A captivating story of one dog’s experience of crisis and healing, illustrated with the author’s evocative portraits of Weimaraners.
Pub Date: June 30, 2016
Page count: 174pp
Publisher: Merrimack Media
Review Posted Online: Sept. 9, 2016
A Dallas widow has lethal plans for the lawyer whose defense of an insurance company leads to her husband’s death in Lively’s thriller.
John Simon sues Mutual Indemnity Insurance Company when it won’t cover a necessary medical procedure. He loses the case, and since he can’t afford the million-dollar procedure, he dies from cancer. Mutual Indemnity’s attorney Charles Pierce is so upset by the outcome—certain the company should have OK’d the claim—that he retires. But John’s widow, Jamie, has already directed her ire toward Charles. As she works in a veterinarian’s office, she has ready access to ketamine. She initially wants to make Charles’ life miserable, though killing him is the ultimate goal. Covertly adding ketamine to his drinks, however, proves exceedingly difficult. She finally manages to book the same cruise as Charles—a monthlong trip from LA to Sydney, Australia. It seems a perfect opportunity for Jamie to fatally poison the retired lawyer. But the cruise is a hotbed of trouble, leading Charles to question his sanity. Lively’s novel feels like two stories in one. The first consists of Jamie’s attempts to poison Charles, which entail hiring a private investigator and enlisting the aid of a prostitute. Subsequent scenes on the cruise ship, which make up half the novel, concentrate on Charles, though readers know Jamie is lurking on board. Plot turns at sea, like a theft and a possible accident, do somewhat convolute the narrative. It nevertheless retains an impressive intensity. Likewise, the ending offers satisfactory answers while leaving a few developments open to interpretation.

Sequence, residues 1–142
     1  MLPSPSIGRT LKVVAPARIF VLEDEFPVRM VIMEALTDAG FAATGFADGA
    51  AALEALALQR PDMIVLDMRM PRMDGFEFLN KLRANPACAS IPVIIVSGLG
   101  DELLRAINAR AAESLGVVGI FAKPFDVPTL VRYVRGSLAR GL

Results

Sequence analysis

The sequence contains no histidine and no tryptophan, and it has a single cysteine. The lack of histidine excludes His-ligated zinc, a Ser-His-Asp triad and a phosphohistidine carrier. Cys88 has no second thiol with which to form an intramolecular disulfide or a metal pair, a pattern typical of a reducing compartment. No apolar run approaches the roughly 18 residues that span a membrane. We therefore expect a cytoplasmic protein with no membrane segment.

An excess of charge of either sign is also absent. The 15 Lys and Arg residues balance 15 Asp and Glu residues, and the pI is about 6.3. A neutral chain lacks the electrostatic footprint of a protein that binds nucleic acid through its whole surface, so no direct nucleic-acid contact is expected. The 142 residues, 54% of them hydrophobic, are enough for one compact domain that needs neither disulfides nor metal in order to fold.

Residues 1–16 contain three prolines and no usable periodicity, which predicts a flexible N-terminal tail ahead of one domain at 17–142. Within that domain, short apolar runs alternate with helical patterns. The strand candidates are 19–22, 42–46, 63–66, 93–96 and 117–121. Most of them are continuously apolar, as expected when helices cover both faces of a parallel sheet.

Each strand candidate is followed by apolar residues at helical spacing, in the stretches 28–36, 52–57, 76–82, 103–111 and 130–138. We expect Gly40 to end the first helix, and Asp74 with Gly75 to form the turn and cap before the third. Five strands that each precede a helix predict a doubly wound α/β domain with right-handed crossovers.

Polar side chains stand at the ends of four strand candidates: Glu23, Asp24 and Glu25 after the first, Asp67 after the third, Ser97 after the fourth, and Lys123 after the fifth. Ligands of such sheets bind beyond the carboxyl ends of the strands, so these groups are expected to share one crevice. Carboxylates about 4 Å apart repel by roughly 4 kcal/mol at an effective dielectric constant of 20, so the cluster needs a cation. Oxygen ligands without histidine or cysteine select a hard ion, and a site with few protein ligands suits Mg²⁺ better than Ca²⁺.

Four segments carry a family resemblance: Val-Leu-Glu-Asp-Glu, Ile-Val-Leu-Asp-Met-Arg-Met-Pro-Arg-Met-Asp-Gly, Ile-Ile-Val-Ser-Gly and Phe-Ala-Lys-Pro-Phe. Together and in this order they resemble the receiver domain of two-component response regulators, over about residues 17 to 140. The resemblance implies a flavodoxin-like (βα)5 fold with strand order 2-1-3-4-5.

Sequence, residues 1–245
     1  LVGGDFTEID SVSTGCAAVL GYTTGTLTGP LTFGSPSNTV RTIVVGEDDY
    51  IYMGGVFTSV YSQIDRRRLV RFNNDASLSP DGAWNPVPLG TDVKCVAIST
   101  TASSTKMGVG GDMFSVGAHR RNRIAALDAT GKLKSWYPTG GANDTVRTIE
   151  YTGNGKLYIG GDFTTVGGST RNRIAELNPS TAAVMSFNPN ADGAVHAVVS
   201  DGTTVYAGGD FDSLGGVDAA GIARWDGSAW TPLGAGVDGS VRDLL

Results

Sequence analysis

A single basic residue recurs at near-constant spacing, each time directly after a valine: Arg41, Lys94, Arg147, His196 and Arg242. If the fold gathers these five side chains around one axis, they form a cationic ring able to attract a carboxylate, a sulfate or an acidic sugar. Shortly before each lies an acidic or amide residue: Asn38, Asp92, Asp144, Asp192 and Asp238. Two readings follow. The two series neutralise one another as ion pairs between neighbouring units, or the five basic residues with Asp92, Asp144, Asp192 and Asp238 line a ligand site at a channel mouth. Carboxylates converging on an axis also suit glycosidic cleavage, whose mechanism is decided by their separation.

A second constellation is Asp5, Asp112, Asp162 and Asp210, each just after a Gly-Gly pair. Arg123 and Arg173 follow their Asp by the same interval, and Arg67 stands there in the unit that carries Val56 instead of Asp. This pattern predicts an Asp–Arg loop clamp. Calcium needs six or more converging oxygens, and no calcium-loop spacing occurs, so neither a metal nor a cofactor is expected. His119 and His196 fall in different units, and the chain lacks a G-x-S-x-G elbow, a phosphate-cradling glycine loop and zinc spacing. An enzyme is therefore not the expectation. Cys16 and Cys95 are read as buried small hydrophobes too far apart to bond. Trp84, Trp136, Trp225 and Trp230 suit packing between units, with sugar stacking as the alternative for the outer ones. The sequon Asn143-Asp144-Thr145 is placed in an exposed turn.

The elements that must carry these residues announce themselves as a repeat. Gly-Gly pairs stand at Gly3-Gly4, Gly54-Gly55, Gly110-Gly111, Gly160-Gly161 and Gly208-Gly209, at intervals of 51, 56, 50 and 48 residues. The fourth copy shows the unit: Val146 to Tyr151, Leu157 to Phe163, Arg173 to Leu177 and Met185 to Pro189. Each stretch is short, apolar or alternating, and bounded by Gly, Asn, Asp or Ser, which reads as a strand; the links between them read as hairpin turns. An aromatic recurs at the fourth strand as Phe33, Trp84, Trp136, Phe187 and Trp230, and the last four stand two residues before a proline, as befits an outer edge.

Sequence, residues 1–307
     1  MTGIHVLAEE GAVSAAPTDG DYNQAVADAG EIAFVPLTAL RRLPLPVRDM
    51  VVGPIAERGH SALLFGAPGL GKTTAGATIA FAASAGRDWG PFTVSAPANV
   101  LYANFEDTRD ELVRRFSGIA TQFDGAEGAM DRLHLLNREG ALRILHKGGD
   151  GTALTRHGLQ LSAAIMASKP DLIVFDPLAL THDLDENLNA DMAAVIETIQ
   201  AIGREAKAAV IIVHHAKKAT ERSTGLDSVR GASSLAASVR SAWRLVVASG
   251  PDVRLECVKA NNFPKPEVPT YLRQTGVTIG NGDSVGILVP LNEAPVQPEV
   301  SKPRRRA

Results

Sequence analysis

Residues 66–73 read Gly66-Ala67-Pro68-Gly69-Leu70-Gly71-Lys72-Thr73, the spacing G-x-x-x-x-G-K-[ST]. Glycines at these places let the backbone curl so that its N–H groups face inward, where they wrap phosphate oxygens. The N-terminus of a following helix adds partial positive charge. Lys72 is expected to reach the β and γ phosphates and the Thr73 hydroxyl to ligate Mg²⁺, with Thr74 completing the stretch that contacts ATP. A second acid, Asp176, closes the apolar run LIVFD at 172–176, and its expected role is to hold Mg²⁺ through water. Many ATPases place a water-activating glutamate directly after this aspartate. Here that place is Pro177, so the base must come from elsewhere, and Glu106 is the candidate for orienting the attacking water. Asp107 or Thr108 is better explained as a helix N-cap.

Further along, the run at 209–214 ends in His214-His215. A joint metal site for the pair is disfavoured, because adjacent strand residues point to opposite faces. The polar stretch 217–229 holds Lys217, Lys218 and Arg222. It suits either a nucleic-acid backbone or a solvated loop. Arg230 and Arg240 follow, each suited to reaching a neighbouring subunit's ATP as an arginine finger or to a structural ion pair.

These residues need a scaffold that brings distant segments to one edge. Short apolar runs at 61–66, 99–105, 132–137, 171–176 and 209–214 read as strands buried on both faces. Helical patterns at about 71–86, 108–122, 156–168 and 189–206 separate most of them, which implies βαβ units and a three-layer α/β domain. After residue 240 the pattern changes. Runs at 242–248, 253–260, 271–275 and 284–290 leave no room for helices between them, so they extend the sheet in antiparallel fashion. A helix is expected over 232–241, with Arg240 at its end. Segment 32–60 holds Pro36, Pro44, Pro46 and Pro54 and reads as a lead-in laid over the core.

An elaborate revenge plot makes for a twisty, often nerve-wracking tale.
Page count: 294pp
Review Posted Online: Sept. 2, 2020
Author, Artist and Film Maker
Passion in life
Art, Reading and Art Film Making
Punitive Damages: Merrimack Media Outstanding Writer Award, 2016